Thursday, January 11, 2007

Vacation day in Guantánamo
...or, a cold day in hell

No, I didn't really take a trip to the Caribbean, but I did take half a vacation day to participate with about 50 other concerned, compassionate county residents in the International Day of Action to Shut Down Guantánamo. See:

Witness Against Torture

Besides, you would never mistake where I was for Guantánamo Bay Prison. It was too cold and windy to be confused with hell.

Somewhere in the U.S. some company is doing a booming business in fake orange detainee jumpsuits. People have been ordering thousands of them to wear during protests, like the one we staged in front of the county courthouse today. You'd recognize me anywhere, I know, but just in case ...I'm the one to the right of the kneeling protester, holding the sign.





Here's someone else holding my sign, an enlargement of the Witness Against
Torture flyer.




You know the facts by now, right?

You don't???? Well, come out of yourself a little and see what our government is doing in your name (if, gentle reader, you're an American citizen):

--500 people from 35 countries continue to be held without charge or trial as of January 2006, four years after the Bush administration began locking up detainees at Guantánamo Bay.

--Detainees remain in a legal black hole, many with no access to any court, legal counsel, or family visits.

--There’s mounting evidence that detainees have been subjected to torture and other forms of mistreatment. This evidence comes not only from the few detainees who have been allowed to meet with lawyersand the fewer who have been released, but also from FBI agents and former military personnel who were assigned to Guantánamo. (You can read the FBI reports for yourself.)

--Several detainees have attempted suicide. Three succeeded. In desperation,between 100 and 150 recently embarked on hunger strikes. They are being kept alive, sometimes against their will, through painful forced-feeding procedures.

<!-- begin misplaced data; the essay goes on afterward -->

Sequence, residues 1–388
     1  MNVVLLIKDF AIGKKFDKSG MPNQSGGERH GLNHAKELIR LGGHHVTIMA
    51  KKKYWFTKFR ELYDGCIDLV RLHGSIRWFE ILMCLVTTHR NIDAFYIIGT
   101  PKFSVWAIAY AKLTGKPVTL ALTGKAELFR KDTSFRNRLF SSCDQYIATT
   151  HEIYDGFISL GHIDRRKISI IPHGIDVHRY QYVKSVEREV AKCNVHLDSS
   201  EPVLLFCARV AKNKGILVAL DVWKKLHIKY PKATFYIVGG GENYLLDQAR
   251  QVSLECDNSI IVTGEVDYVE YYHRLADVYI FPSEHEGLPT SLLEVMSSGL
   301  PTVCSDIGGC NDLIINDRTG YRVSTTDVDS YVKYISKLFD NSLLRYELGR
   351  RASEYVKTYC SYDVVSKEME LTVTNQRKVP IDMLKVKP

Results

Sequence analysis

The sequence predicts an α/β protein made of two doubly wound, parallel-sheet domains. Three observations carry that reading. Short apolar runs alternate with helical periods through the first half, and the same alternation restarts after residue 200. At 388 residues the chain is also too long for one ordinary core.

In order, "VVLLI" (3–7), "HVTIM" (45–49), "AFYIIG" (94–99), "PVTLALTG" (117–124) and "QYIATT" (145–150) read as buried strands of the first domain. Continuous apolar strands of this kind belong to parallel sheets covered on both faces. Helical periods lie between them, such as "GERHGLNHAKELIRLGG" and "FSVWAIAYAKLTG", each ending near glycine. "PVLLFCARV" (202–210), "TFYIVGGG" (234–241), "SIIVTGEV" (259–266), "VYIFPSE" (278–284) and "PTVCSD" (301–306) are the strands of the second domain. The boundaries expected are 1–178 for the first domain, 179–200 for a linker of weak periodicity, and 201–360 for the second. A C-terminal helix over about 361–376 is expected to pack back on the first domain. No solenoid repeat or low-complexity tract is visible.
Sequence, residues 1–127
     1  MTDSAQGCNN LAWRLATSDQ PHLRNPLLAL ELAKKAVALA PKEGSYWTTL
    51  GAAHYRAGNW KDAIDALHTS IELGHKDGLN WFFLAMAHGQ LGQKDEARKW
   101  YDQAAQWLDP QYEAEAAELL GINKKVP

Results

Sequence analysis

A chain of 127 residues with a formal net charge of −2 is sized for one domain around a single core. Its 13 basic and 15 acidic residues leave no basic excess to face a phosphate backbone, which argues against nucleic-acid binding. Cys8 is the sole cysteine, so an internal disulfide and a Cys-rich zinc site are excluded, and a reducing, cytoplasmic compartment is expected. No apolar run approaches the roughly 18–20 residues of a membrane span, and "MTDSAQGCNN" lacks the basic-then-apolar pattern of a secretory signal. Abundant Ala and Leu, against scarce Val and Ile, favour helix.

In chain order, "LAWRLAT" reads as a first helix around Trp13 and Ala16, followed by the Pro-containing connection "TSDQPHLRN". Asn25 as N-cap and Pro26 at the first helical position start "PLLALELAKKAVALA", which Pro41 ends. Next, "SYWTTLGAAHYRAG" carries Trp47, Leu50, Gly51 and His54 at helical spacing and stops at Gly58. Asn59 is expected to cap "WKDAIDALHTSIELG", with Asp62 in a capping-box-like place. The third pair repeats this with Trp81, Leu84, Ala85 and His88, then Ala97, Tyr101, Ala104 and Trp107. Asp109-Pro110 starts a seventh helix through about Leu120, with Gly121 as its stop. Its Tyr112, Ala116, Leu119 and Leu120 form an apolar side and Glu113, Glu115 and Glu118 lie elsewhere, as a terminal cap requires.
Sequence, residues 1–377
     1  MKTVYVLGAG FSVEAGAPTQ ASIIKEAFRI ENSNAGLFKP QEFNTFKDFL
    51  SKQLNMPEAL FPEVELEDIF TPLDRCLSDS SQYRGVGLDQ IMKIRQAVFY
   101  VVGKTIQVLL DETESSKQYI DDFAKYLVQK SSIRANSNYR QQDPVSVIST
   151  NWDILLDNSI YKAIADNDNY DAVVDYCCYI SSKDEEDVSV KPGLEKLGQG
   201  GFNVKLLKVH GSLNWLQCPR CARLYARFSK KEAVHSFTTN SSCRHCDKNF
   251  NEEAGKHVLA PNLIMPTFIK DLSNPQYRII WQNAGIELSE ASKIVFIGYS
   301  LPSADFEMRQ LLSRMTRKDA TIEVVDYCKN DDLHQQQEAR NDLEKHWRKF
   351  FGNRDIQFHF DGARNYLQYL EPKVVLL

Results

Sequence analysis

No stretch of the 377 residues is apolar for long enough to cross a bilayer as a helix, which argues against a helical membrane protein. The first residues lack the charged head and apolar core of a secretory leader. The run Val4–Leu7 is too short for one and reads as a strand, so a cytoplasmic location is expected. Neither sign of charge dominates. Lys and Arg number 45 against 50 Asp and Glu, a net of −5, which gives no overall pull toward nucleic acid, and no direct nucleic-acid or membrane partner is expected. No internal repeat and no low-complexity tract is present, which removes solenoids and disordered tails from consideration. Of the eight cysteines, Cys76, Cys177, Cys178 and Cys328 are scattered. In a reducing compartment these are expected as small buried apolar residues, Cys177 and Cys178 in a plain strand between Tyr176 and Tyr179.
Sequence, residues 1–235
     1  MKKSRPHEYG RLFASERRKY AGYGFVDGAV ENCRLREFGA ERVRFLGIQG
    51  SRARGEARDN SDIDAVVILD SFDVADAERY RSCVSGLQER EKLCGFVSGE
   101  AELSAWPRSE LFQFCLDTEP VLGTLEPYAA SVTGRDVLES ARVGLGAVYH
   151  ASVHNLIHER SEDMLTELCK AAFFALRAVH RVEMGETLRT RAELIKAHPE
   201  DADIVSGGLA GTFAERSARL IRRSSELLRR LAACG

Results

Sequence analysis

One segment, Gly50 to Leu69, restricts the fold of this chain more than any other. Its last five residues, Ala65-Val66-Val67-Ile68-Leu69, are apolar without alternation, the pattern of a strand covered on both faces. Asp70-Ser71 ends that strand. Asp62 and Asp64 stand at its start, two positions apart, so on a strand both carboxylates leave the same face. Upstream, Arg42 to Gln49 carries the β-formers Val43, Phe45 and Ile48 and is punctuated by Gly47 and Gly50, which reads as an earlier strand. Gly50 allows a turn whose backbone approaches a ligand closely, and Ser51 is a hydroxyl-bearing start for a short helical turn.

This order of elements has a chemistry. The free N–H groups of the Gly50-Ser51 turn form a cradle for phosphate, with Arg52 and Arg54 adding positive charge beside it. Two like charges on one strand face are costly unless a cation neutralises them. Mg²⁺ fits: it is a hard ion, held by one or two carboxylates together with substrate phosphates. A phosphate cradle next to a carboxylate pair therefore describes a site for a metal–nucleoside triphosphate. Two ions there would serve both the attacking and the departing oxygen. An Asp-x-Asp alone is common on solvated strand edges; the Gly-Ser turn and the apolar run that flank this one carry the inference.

--The U.N. Commission on Human Rights, in a report of Feb. 2006, stated that “the legal regime applied to these detainees seriously undermines the rule of law and a number of fundamental universally recognized human rights, which are the essence of democratic societies,” and concludes that “The United States Government should close the Guantánamo Bay detention facilities without further delay.”
(from Witness Against Torture)

And if you are also a Christian, gentle reader, I address this poem to you:


Song of the Tortured Jesus

Christian,
in the days preceding Easter you retell aloud the story of how my friends deserted me, how not one lifted his voice to protest that I was innocent. You recall how I was scourged. You walk the Stations of the Cross with me. You are there when they lay me in the tomb.

Then on Easter you celebrate the return of the Light, my return to life.

But I am still in the dungeon, buried all alone for days and nights, tormented by hallucinations. My captors bludgeon my psyche, mangle my personhood.…Again and again I am laid broken and unconscious in the prison-tomb.

Still you do not lift up your voice to save me. Today as then, my ordeal is mandated by the authorities. Those in high places deny my presence and my torments, even as they invent new laws to keep me here.

Free me now. Make me rise triumphant from this grave.

I too want to sing alleluia.

...and be sure to visit No2Torture.

A version of this poem appeared in
Swans Commentary,
April 24, 2006
http://www.swans.com/library/art12/letter89.html

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